Blasphemy accusations have resulted in killings in the past, and human rights activists believe that these allegations have created a widespread climate of fear, especially for women's rights advocates.
"Pakistan is not a democratic state but a religious state where clerics wield a lot of influence," Mehdi Hassan, a former chairperson of Pakistan's Human Rights Commission, told DW.
"Hurling allegations of blasphemy amounts to jeopardizing the lives of people here. We fear that the lives of women activists are in danger because there are so many extremists out there in the streets who could target them at any time."
"At least seven people have been killed just because of blasphemy allegations. Therefore, it is important that the government provides them [the activists] with protection."
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Who is threatening activists in Pakistan?
At least two local courts — one in the northwestern city of Peshawar and another in the southern port city of Karachi — have asked police to register cases against organizers of the march, alleging violations of blasphemy and other laws. A petition seeking to ban the annual gathering has also been lodged with the Islamabad High Court.
Lahore-based activist Shazia Khan said friends and relatives have pressured them to maintain a low profile following the accusations and legal cases.
"Hatemongers and misogynistic media personalities have been spewing venom against us, jeopardizing the lives of women in a country where people are killed merely due to false accusations of blasphemy," said Khan.
Khan believes it is difficult to say who is behind these threats and litigation.
"However, the individuals and organizations that are issuing threats or registering cases are believed to have worked for the intelligence agencies in the past, or to have their support."
"All the videos and posters have been fabricated or doctored. There is no truth to these accusations," prominent activist Farzana Bari told DW.
Organizers of the march have also written an open letter to Prime Minister Imran Khan in order to draw his attention to the threats.
Why is Women's March targeted?
Some prominent right-wing TV anchors and media personalities have also spoken out against the leaders of the march, accusing them of spreading Western culture.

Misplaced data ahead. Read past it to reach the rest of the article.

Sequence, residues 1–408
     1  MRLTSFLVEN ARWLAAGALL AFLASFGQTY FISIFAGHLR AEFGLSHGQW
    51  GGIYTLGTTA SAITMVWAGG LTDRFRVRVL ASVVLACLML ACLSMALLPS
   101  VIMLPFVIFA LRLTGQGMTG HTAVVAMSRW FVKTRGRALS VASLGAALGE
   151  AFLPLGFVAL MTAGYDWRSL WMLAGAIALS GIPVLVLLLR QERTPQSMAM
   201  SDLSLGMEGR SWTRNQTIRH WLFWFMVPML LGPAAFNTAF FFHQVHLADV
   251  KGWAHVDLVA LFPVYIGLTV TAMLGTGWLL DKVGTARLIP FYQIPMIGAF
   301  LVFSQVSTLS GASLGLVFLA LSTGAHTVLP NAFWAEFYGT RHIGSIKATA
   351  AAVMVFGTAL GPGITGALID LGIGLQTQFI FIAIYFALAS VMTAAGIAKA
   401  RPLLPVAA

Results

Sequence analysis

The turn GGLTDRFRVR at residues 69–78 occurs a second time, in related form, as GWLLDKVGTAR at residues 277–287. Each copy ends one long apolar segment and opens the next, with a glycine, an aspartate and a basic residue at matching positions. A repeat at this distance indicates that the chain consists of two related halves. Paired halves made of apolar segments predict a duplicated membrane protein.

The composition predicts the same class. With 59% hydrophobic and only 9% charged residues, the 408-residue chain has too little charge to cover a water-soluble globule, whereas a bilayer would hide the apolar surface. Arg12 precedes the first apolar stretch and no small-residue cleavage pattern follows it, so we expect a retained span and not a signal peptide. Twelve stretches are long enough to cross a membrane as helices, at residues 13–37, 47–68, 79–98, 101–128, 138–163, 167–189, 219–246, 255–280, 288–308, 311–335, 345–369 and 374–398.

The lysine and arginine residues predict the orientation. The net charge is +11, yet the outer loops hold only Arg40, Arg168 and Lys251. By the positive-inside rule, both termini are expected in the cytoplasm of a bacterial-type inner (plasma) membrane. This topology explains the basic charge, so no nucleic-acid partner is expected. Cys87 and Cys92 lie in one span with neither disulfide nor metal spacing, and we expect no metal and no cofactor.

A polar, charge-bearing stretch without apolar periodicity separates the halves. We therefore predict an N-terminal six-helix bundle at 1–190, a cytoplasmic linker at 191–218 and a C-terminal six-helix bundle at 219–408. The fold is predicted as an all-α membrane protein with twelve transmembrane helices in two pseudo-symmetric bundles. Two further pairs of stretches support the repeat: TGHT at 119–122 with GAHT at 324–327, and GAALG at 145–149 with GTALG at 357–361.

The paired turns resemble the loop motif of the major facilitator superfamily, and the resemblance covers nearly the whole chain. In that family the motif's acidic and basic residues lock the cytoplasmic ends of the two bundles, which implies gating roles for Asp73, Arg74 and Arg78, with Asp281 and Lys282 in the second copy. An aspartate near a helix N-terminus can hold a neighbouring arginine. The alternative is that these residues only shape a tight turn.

"Blasphemous slogans were used during the Women's March," Ibrar Hussain, who filed a case against the activists, with a local court in Peshawar, told DW.
"I went to a police station to register a case, but my application was rejected, so I approached the court and now the court has ordered the police to register a blasphemy case," said Hussain.
Meanwhile, Hafiz Ihtisham, who is associated with Islamabad's "Red Mosque," told DW that "blasphemy" was committed against "holy personalities."
"Religious personalities were also insulted," he said. "I approached the court, seeking an action against the organizers of the march, and a permanent ban on the event. I have also requested that the court probe the funding sources of the NGOs that hold the event," he added.
Although Women's Day is celebrated in Pakistan on March 8 every year, it has assumed a greater significance since the Women's March was launched in 2018 by the Women Democratic Front and the left-wing Awami Workers Party.
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The event has triggered a debate over women's rights in Pakistan, where thousands of cases of honor killings, domestic violence, sexual assaults and harassment against women are reported each year.
Women are also widely discriminated against in workplaces, political institutions and social gatherings. In particular, the march's slogan, "my body, my control" earned the ire of conservative elements of society.
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This year, even the terrorist outfit Tehreek Taliban Pakistan publicly threatened the organizers on Twitter, much to the alarm of women's rights activists.
The tweet said, "Fix your ways. There are still many young Muslims here who know how to protect Islam and the boundaries set by Allah."
Yasmin Lehri, a female politician and leader of the National Party, believes that women could also be harmed while attending court hearings. Lehri said that the government should provide full protection to women's rights activists and look into the accusations before registering the cases, due to the dangers posed to those attending the hearings.
However, despite the dangers, government officials have said the march organizers should face the charges.
"This is really very disturbing … All possible methods should be employed to probe these accusations," said Lehri. "And if the videos and posters turn out to be fake, then those who leveled the accusations must be brought to justice."